Laing Easiform houses are one of the most popular types of non-standard construction properties found in the UK. The construction type of your home can affect how easy it is to maintain, mortgage and sell in the future.
So, what is a Laing Easiform house?
Easiform is a type of non-standard construction house built from cast-in-situ concrete. The system of building was developed by John Laing plc. Over 90,000 Easiform houses were built in the UK from 1919 until the early 1970s. There are two different construction types: Easiform Type I and Easiform Type II.
Our complete guide answers the top six most popular questions homeowners, sellers and buyers have on Easiform houses. We cover everything from how they’re built to getting a mortgage.
I also give you my recommendations for the best ways to sell a Laing Easiform house based on what you prioritise the most: time or money.
Not sure how to sell your Laing Easiform house? Our free quiz can help guide you in the right direction:
1. What is a Laing Easiform house?
Easiform is a type of non-standard construction concrete house developed by John Laing plc.
Laing Easiform houses were designed to be simple and quick to build. This was necessary, as there was a shortage of housing and materials following WWI and WWII.
The houses are built from cast-in-situ concrete (more on this below). This removed the need for skilled bricklayers, who were also in short supply after the First and Second World Wars.
Over 90,000 of these houses were built in the UK from 1919 until the early 1970s.
The Easiform construction method was used to build more than 25 basic types of houses, flats, and maisonettes. The system allowed for bay windows, porches of different designs and a variety of exterior finishes.
2. How are Laing Easiform houses built?
The way a Laing Easiform house is built depends on the construction type and year it was built. There are two construction types of Easiform houses: Type I and Type II.
We’ve put together a handy table showing the different construction methods based on the type of construction and year it was built.
Let’s take a look at each construction type in a bit more detail below…
2.1 Easiform Type I
The original Easiform houses (aka Type I) were built with 8-inch-thick solid concrete walls. The external walls were made from no-fines clinker concrete.
“No-fines” refers to the type of concrete mixture used, which contains no sand or other small particles.
Approximately 2,100 Easiform houses of this type were built from 1919 to the mid-1920’s.
2.2 Easiform Type II
From the mid 1920’s, a new type of cavity walled Easiform construction was introduced.
The structural system of the Easiform Type II house is essentially the same as that of a traditional cavity-walled brick house.
The floor and roof loads are taken directly to the foundations via the loadbearing inner skin of the external walls. The inner skin is stabilised and stiffened by wall tie connections to the outer skin.
Metal shuttering (or moulds) were used to cast the concrete cavity walls on site.
The thickness of the external cavity walls varied in the Type II Easiform houses depending on the year it was built:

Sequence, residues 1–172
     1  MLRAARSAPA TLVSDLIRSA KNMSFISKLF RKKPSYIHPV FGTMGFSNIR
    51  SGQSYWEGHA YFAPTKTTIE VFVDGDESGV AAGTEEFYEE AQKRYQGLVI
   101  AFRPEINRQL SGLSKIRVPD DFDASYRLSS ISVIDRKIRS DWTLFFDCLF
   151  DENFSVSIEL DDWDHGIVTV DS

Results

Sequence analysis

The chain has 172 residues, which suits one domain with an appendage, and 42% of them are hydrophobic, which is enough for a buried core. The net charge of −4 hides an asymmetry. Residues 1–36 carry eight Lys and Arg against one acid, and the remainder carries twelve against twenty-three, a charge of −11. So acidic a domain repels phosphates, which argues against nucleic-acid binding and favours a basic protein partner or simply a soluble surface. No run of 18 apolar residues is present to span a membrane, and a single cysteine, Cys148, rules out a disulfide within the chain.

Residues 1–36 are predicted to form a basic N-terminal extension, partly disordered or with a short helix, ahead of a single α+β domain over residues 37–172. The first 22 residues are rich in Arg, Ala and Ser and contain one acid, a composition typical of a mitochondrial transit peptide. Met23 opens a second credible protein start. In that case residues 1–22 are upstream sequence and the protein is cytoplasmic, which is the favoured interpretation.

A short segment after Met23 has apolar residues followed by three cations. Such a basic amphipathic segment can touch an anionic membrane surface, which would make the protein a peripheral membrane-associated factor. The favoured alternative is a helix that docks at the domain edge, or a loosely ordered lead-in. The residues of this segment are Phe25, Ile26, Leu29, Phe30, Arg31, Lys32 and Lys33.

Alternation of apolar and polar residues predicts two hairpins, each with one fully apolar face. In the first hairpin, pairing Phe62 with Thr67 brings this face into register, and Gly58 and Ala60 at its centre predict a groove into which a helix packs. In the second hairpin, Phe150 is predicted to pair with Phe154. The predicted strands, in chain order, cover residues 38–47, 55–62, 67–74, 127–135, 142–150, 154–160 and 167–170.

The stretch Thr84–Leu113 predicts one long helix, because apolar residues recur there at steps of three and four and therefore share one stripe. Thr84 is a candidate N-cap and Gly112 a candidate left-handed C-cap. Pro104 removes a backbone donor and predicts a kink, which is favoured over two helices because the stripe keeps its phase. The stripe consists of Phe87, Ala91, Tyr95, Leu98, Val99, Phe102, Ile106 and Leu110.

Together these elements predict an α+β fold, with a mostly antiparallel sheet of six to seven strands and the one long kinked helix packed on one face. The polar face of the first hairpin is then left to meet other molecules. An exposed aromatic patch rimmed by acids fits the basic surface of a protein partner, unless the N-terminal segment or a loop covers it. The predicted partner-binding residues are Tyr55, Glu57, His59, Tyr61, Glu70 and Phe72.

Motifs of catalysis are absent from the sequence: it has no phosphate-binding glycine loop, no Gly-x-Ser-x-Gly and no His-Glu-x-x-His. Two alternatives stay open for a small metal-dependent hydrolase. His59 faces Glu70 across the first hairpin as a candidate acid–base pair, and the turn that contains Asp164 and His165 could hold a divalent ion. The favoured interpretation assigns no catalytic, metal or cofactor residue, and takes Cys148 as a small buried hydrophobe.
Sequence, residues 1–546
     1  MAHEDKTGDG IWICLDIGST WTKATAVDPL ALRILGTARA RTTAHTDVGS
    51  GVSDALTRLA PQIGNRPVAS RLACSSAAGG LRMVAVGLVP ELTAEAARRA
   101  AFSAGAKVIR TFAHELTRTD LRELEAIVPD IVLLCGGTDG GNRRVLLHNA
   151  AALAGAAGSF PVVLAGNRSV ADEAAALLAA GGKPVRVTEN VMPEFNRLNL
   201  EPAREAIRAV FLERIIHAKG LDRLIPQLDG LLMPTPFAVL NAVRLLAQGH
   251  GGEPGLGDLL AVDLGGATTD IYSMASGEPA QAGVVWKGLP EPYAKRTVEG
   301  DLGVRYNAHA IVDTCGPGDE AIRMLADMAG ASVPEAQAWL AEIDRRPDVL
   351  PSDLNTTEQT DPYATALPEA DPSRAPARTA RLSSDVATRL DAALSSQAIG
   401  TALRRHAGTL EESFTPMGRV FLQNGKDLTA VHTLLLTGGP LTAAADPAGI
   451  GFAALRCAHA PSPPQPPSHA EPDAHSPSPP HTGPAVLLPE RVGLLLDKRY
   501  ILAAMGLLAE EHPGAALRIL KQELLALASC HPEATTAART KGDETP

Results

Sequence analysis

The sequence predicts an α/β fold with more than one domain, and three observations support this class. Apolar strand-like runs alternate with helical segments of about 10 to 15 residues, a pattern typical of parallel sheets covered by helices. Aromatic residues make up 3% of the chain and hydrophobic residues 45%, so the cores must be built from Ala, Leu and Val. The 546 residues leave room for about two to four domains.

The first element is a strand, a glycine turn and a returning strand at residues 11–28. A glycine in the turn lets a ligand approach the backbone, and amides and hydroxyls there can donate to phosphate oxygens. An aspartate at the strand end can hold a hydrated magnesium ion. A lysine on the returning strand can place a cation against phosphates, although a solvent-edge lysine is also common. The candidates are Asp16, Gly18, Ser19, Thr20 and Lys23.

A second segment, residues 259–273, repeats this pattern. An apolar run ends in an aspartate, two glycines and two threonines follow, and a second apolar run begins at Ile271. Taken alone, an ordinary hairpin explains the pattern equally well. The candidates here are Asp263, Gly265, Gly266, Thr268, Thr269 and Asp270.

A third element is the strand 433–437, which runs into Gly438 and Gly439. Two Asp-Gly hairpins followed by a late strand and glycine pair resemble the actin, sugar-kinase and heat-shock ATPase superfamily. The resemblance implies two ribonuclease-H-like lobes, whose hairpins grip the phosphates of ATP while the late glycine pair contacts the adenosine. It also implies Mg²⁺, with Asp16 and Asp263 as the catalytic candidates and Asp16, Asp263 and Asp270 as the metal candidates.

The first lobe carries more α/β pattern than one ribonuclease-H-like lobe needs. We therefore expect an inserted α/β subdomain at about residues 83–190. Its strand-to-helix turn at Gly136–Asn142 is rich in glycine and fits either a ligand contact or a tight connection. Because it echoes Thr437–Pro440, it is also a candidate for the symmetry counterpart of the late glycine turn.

- 1925 – 1945. The external cavity walls consist of an outer wall of 3-inch normal dense gravel aggregate. The outer wall is reinforced with ½ inch diameter steel horizontal bars. A 2-inch cavity separates the outer wall from the 3-inch inner skin, cast using clinker aggregate concrete.
- 1945 – early 1970’s. The external cavity walls consist of an outer wall of 3 ½ inch natural aggregate concrete. A 2-inch cavity separates this from an inner leaf of 3 ½ inch open texture concrete. Reinforcement is present in both the inner and outer skins.
Roofs were built using more traditional timber trusses and concrete tiles. Some roofs are hipped, and some are gable, depending on the design.
3. Can you get a mortgage on a Laing Easiform house?
Generally, you can get a mortgage on a Laing Easiform house. However, some mortgage lenders will not lend on Easiform properties built pre-1945. There will be fewer providers to choose from because of the “non-standard” construction type. This means you may have to accept a mortgage with less favourable terms.
Here are some of my tips for securing a mortgage on a Laing Easiform house:
- Find out the build year. Some mortgage providers will not lend on a Laing Easiform house if it was built pre-1945. A good place to start will be to find out the year the house was built.
- Speak with a mortgage broker. I would recommend speaking with a mortgage broker if you’re struggling to find a suitable lender. They’ll be able to introduce you to providers who are happy to offer mortgages on Laing Easiform houses.
- Lower your loan-to-value (LTV) ratio. Mortgage providers categorise non-standard properties as “higher risk”. This is why they’re sometimes more hesitant to lend. If you increase your deposit amount, this will bring down the risk for the lender.
There are other factors that will affect your ability to get a mortgage, not just the construction type! Lenders consider things such as your credit history, any existing debt and employment status to name a few.
4. Problems with Laing Easiform houses
Here are some of the problems you may encounter with a Laing Easiform house:
- Asbestos. Lots of Laing Easiform houses will contain asbestos. For example, the soffits were originally made from asbestos cement boarding. Other common places include the loft hatches and the under-stair cupboards. Remember that any asbestos must be safely removed and disposed of under the Health and Safety Executive guidelines.
- Poor insulation. Laing Easiform houses are not very thermally efficient in their unmodified form. Improvements can be made by adding external wall insulation, loft insulation and new windows.